A series of confusing coaching decisions sinks Washington against the Giants

In what was almost a must-win game with two weeks of preparation, Washington played to the end in an error-riddled match that ultimately ended their chances against the New York Giants. Poor in-game management of Washington’s first drive of the game set the tone and ultimately put the team in a losing position.

First off, let me say that overall defensive training throughout the game, while not perfect, was incredibly solid. Some will complain about the 97-yard TD drive abandoned by the defense in the second quarter and the total lack of sacks as a defense failure, but the reality is that Jack Del Rio’s game plan is a series of adjustments consisted of what Washington had seen two weeks earlier. Devastated by Daniel Jones’ rush in Week 13 (12 carries for 71 yards), Washington took that away this week (10 carries for 35 yards) and forced Jones to try and hit her with his arm, which he failed to do (21 Completions for 160 yards and 0 TDs)

Unfortunately, you couldn’t say that on the offensive side of the ball. On the first drive of the game, Washington put together a 9-game sequence to get to the Giants’ 34-yard line. After Coach Rivera made the right call earlier in the drive – to try for 4th and 1st place – a 4th and 12th place was at hand.

At 34, it would have been a 51-yard field goal attempt for Joey Slye. A 50-yard field goal isn’t nearly automatic, as Slye had little trouble at that distance, hitting a 58-yarder earlier in the season. Nonetheless, Rivera opted for a punt.

For a man as immersed in analytics as Ron pretends to be, this was a confusing decision. The analytics are clear, in these circumstances you’ll kick the field goal, assuming your kicker has the leg for it.

As the game progressed, Giants kicker Graham Gano hit two 50-yard field goals and Slye himself hit a 51-yarder. Temperature, wind etc weren’t any significant detractors for long field goals last night, as was pretty evident when the TV camera panned to the flags on the goalposts hanging limp beside them.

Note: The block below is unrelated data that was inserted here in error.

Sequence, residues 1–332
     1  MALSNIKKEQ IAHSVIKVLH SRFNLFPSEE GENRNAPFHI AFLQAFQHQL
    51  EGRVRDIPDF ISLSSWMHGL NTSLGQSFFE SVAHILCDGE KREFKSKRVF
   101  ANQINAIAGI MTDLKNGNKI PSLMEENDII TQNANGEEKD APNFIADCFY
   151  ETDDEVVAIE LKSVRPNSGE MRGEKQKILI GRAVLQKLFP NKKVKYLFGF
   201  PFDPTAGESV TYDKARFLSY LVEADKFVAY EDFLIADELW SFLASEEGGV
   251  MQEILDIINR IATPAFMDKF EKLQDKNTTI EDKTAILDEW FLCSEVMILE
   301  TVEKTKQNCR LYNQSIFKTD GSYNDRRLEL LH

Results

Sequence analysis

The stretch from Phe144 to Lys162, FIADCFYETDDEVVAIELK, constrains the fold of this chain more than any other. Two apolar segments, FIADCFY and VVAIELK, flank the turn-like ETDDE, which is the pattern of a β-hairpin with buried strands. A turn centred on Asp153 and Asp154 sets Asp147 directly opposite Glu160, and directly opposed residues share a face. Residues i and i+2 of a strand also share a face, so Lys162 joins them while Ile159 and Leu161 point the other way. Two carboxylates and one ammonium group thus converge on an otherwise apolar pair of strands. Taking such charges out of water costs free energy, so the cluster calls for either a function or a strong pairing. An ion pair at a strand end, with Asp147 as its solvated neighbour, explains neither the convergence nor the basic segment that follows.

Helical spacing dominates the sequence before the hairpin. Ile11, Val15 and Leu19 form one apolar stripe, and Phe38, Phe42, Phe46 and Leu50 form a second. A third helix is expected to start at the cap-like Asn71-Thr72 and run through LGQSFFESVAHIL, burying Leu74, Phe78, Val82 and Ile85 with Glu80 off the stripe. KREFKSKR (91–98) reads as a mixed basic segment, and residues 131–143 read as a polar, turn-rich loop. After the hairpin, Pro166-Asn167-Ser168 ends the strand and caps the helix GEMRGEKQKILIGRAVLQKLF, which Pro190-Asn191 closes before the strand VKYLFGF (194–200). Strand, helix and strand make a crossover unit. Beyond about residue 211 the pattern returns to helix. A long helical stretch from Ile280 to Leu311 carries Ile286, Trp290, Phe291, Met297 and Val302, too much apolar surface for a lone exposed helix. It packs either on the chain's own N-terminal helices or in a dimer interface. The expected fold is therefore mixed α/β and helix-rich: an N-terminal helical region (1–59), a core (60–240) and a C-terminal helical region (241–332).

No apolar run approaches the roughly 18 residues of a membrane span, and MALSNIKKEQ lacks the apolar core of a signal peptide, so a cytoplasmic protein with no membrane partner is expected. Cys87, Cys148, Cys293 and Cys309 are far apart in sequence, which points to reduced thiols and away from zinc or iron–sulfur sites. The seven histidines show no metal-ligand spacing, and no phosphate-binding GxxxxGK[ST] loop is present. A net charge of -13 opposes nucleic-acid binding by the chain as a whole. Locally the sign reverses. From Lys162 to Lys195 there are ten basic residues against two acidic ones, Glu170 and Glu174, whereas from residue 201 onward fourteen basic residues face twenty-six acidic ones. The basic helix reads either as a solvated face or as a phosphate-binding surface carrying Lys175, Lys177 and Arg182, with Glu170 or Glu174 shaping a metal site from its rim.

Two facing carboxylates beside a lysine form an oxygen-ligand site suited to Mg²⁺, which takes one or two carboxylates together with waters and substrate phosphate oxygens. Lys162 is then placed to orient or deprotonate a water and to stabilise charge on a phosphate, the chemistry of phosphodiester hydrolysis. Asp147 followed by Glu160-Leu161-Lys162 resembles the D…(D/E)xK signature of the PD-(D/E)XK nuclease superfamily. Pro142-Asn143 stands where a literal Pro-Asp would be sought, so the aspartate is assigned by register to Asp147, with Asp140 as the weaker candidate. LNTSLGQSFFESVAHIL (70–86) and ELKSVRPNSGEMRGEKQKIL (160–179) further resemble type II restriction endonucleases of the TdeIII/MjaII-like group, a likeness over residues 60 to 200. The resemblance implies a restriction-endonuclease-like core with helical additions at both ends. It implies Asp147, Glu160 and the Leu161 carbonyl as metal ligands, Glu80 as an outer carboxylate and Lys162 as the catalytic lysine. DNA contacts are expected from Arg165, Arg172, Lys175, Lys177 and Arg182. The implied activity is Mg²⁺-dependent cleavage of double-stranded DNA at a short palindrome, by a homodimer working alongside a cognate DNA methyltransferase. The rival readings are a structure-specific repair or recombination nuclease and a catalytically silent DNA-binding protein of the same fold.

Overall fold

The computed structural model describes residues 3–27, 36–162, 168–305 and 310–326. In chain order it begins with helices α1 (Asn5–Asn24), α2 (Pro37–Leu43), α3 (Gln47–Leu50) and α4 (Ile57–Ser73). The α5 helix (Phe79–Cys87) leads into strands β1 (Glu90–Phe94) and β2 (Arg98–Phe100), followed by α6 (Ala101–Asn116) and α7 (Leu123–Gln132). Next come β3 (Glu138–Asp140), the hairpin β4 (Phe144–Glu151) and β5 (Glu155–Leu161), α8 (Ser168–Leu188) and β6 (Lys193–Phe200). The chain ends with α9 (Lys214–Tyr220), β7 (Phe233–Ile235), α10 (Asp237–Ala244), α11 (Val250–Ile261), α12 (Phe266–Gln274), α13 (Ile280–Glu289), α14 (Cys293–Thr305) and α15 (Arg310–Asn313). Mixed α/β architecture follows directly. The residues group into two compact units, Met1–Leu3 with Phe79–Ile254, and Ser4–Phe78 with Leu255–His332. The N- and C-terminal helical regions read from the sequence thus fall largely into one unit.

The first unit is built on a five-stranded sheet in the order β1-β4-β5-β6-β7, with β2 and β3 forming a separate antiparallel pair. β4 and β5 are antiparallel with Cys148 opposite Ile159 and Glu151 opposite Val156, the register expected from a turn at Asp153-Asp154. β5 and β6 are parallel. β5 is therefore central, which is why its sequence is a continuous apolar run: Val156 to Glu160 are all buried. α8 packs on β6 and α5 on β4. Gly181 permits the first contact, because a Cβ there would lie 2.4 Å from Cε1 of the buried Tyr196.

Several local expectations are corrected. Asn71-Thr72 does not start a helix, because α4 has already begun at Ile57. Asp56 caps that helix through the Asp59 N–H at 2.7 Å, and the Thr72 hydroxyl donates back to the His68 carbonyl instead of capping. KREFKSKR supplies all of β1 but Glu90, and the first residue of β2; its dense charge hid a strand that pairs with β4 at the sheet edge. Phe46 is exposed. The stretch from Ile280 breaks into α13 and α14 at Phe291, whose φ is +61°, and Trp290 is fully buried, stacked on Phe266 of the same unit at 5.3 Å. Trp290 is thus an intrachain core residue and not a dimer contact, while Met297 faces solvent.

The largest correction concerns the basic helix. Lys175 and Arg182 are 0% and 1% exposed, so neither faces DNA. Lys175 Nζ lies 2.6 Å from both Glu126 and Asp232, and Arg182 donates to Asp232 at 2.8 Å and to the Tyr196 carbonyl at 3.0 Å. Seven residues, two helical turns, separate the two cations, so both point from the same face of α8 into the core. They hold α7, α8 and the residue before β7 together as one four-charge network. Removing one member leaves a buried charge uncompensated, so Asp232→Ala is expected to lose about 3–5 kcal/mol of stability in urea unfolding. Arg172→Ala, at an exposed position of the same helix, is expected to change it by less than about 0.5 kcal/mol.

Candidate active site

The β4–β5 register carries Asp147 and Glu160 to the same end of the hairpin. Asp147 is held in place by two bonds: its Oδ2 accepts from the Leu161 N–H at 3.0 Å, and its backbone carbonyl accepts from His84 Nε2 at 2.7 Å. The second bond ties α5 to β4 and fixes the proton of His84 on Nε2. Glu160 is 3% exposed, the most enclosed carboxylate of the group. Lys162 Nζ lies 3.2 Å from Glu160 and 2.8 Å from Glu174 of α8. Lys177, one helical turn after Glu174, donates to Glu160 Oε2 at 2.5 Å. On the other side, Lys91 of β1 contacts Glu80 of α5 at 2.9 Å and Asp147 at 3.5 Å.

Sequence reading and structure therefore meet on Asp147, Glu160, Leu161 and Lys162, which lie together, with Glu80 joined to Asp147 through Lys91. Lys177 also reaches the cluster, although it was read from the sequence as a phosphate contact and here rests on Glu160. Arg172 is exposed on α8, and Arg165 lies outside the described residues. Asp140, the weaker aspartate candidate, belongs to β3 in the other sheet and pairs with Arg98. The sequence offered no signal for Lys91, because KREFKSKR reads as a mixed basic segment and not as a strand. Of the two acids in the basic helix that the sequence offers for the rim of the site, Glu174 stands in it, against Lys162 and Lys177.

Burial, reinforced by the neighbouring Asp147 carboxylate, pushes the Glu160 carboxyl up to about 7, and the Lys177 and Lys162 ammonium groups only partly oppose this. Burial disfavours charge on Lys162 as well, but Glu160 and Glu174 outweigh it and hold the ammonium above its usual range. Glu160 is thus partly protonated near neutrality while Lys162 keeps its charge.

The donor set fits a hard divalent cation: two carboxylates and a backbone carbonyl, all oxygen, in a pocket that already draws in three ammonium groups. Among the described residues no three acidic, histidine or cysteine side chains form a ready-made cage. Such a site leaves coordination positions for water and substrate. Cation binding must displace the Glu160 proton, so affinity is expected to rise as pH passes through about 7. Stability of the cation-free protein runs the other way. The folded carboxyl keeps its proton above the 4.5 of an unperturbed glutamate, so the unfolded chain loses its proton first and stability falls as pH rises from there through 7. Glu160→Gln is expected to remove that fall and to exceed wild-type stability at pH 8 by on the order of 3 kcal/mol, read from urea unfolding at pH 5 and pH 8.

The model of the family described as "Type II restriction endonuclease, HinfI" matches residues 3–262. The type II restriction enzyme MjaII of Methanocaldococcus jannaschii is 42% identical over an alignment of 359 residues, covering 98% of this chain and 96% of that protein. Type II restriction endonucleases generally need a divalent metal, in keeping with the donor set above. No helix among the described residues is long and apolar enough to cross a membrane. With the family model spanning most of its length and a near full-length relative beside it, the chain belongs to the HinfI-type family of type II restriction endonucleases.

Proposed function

The punt that followed ended up scoring something on the order of 4 yards.

On the next drive, Washington would go on to drive and kick a field goal. After again holding the Giants on offense, Washington got the ball deep into his own territory, committed a holding penalty and then had Taylor Heinicke brutalized with a sack, a fumble and a touchdown recovery.

In the following series, Washington drove into Giants territory and again stopped in 4th place, this time around the 40-yard line. Here, according to The Analytics, the “correct” call was to go all out (a 57-yard kick would definitely have been at the limit of Slye’s abilities). Instead, Ron called in one of the most cowardly punts in a generation.

In the next series, New York would rush for 97 yards and score his only offensive touchdown of the game.


During the first series of the second half, Washington seemed to finally wake up from its offensive slumber, stroking 91 yards and scoring with a 19-yard pass from Heinicke to Dotson. Five points behind, Rivera opted for the two-point conversion, which was denied by a penalty. Washington attempted the extended extra point, which Slye missed.

Had Washington attempted the first drive of the game and scored the field goal, the score would have been 14-12 to New York at that point. Would that have prompted Rivera to simply attempt the extra point of normal length? We will never know.

New York and Washington then traded over 50-yard field goals before Heinicke was fired again and turned the ball over the Giants at New York’s 5-yard line. Now the game was 17-12. If the game had gone 17-15 instead, might that have changed Washington’s game plan to something more conservative so close to the end zone? We will never know.

New York would subsequently drive into Washington’s territory and Gano would hit another 50-yard field goal, making it 20-12.

Washington would drive to New York’s 1-yard line and appear to score, only to nullify the touchdown with a penalty on Terry McLaurin. Imagine if Washington were just playing for a game-winning field goal at this point. It could easily have been the case had it not been for a cascade of coaching mistakes set in motion by a bad decision in the first drive of the game.

There’s absolutely blame for this loss, but we’ve seen too many poor in-game management by this coaching staff prior to this season to let them off the hook.

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